"society" are slippery terms - and their slipperiness is a
      necessary aspect of their social function.

      "Literature" means all writing that is produced in the
      acknowledged literary genres, all writing that aspires to be
      literature, all writing that can conceivably be used to endorse
      the dominant ideology, either directly or indirectly - that is,
      until the idea of "literature" comes under any sort of attack. At
      that point, it completely revises its meaning, pulls in its
      borders, and becomes "only the best, the very highest quality work
      that has been produced in these various genres" - which is, of
      course, a very different thing.

      It's like a medieval fortress town, where most of the time
      people live happily both inside and outside the walls until an
      attack comes - at which point the gate is sealed. Suddenly, lots
      of peasants and farmers and the general populace find themselves
      locked outside, victims to the advancing hordes, while only those
      inside are safe from the ravages of time, forgetfulness, and
      general attrition under the attack of time. At that point there
      is, of course, a lot of shouting around the portals (usually from
      people both inside and out), about how Farmer Jones or Mistress
      Pickle really ought to be let in - after all, think of all the
      good they did for the Lord and Lady last Rumptickle Eve. (But
      Raymond Williams discussed all this at length and its reasons in
      Keywords...)

      You will find - if you haven't already found - a tendency
      for people who claim to be writing about paraliterature - i.e.,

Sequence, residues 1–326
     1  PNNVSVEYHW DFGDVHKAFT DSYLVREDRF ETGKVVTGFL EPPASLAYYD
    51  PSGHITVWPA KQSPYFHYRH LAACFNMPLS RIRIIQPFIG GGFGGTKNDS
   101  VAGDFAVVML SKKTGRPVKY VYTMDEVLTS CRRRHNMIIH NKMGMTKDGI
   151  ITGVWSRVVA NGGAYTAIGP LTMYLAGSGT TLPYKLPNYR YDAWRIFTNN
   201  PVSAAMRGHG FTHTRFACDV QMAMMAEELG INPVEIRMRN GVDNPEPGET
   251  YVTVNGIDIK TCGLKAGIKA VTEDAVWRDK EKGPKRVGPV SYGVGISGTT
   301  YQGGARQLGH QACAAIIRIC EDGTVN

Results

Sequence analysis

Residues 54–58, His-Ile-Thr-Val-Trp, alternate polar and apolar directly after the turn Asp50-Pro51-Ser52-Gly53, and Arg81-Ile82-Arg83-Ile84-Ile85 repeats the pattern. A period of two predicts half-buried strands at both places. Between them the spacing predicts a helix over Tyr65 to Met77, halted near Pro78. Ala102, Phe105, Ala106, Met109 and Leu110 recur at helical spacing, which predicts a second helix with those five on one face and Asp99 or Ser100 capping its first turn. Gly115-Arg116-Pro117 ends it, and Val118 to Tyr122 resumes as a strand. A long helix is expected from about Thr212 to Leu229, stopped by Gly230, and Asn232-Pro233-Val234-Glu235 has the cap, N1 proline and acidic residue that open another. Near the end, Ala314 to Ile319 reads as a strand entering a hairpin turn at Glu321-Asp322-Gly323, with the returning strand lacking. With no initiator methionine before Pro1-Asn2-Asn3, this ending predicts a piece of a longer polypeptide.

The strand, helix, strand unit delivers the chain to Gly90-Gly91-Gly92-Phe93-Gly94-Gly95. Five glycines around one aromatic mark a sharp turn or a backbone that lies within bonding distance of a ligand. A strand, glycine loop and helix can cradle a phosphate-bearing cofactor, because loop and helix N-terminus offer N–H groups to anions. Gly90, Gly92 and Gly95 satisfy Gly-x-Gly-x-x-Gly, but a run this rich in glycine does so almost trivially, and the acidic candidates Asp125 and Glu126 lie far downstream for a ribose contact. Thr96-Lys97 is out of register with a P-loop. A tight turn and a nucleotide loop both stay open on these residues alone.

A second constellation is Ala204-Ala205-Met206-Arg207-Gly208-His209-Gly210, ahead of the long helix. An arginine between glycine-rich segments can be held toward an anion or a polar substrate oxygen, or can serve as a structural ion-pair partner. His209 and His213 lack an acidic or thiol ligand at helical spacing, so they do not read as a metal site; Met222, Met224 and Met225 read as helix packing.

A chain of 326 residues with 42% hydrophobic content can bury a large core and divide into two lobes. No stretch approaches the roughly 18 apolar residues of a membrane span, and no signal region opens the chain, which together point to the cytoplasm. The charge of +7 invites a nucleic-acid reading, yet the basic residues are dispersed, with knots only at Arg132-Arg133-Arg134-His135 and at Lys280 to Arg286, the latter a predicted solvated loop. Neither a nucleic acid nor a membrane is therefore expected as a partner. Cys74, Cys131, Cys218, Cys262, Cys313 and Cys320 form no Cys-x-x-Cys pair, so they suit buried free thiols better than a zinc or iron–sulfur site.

about life among the outlaw hordes in the badlands - to let their
      attention be easily diverted into defending precisely the
      secondary and tertiary canonical works shut out when the hordes
      approach the castle and the gate is dropped, i.e., the farmers who
      live just a bit beyond the wall. (When Kenneth Branagh's film
      "Mary Shelly's Frankenstein" opens [ed note: Nov 11, 1994], be
      prepared for the deluge of essays on "Frankenstein as
      Paraliterature". Oh, Brian Aldiss, what hath thou wrought!

      Another idiocy I'd like to see just banned from print: the
      easy and uncritical assertion that Frankenstein is somehow the
      "origin" of science fiction.) But the fact is, most people don't
      want to write about paraliterature. They want to write about
      secondary and tertiary canonical literature - which is something
      else entirely.

      And the rare critic that does want to write about the
      paraliterary is usually so critically unsophisticated, he or she
      can do nothing but make the same noises they have heard literary
      critics making about their own much beleaguered object. And that
      is almost as bad. A warrior in the wilderness and a farmer plowing
      just beyond the walls are not the same thing - and cannot be
      critiqued as if they were, even if there's lots of commerce
      between them; which there often is in more peaceful times. Oh
      well. You have my sympathy and good wishes for a long hard uphill
      fight.

      -----------------------------------------------------


      David Cozy
      mailto:cozy@...-net.ne.jp